One closely related question I need to address is: “How do we define ‘good’?” Is good whatever God says it is, or does a definition of good exist outside of God and He abides by it?
If we define evil as “that which is against the will of god,” we presume that it is God who defines what is good or evil, and therefore He may choose to define everything as good. If that is the case, then even the actions of Satan could be considered good, simply because God says they are. God may even consider having people suffer eternally in hell as “good.” Basically, the word “good” loses all meaning, it’s just whatever God says it is (not what man might imagine). Ergo there is actually no such thing as evil, or acting against God’s will, because all that exists is exactly the way God wants it to be, and to God, it’s all good.
Now, I don’t necessarily agree with that nonsense, I’m just playing the devil’s advocate (pardon the pun).
Thanks for the reply. You are correct, you did go into it on #10. You know, I have thought about this a lot and I realize that believers almost always use the phrase “god allows evil,” instead of “god creates evil.” I just don’t think they have ever addressed where evil, or the potential for evil, came from in the first place. How can god allow something that god never created?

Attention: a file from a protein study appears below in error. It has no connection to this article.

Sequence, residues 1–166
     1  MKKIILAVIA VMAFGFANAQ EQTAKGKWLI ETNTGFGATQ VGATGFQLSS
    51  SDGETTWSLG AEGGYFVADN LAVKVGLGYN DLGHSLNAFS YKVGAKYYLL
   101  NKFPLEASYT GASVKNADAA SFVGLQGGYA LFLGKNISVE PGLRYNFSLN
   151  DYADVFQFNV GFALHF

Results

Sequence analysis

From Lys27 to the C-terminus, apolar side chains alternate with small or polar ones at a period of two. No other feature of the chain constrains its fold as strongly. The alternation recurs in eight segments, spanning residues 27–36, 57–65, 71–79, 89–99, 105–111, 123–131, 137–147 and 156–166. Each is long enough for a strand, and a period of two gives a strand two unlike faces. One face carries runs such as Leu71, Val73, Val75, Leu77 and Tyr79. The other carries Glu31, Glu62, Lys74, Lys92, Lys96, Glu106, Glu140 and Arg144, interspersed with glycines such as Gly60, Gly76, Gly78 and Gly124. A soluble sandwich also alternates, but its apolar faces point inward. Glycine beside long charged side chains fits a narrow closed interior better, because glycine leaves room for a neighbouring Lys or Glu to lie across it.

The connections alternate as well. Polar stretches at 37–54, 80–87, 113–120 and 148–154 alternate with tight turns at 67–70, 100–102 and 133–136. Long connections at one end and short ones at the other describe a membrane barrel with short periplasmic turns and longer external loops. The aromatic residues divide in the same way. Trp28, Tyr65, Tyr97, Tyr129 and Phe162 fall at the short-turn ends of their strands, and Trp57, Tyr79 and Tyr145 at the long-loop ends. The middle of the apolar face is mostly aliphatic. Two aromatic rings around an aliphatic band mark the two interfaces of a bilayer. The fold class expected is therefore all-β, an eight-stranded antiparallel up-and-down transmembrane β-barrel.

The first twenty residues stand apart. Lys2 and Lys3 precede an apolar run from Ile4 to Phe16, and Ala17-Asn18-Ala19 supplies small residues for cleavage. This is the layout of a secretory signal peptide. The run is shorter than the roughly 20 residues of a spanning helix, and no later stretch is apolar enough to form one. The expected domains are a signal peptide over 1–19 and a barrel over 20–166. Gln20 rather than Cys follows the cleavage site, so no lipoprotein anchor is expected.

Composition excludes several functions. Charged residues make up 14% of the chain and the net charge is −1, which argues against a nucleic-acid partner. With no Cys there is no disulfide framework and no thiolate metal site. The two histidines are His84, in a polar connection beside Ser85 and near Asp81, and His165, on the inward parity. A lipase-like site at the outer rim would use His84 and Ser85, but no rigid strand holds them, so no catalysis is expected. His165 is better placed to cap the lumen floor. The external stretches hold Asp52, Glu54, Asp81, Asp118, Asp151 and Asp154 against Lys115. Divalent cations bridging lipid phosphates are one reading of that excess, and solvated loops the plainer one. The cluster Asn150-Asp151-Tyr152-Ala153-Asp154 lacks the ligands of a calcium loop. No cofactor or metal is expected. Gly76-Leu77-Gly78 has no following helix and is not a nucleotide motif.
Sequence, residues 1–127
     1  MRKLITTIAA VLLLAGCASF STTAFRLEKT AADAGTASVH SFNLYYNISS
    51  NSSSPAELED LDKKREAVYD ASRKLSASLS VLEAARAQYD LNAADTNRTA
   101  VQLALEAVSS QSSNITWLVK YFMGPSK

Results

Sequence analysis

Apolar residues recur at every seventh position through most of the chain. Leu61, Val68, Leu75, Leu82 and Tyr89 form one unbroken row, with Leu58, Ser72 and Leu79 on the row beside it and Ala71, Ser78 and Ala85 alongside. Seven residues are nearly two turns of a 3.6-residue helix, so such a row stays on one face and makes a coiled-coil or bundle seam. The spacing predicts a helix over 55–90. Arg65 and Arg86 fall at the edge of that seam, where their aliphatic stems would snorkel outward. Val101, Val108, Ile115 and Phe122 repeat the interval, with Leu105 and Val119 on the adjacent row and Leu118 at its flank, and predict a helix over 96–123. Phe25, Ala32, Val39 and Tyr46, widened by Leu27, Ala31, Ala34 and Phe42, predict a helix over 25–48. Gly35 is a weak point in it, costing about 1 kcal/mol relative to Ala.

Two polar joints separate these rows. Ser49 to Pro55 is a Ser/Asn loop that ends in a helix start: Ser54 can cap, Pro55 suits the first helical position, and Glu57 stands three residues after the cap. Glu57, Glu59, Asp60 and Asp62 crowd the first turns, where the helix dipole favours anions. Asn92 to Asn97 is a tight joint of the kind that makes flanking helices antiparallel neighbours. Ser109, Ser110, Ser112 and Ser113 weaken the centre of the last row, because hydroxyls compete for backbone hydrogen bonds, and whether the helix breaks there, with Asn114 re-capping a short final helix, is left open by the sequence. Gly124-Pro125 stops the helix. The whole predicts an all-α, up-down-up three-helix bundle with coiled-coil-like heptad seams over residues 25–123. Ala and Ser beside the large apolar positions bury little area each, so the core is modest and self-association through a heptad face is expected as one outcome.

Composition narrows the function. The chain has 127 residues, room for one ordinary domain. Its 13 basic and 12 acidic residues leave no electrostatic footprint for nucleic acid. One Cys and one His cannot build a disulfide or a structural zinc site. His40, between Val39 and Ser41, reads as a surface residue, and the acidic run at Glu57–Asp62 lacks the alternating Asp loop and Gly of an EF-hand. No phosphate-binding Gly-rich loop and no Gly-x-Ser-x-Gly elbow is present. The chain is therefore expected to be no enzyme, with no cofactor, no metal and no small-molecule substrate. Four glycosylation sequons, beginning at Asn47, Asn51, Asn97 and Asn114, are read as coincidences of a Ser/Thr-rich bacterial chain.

About your second point – most believers subscribe to the “Divine Command Theory.” It says that whatever god says – goes. Many of them would say that god would never say to do something bad – because god is good. They don’t seem to get the question. I have only seen one solution for this dilemma – called the “Euthyphro dilemma.” The supposed solution is that god’s nature is good, and from that good nature god gives commands – therefore they are neither arbitrary nor are they an appeal to an outside source.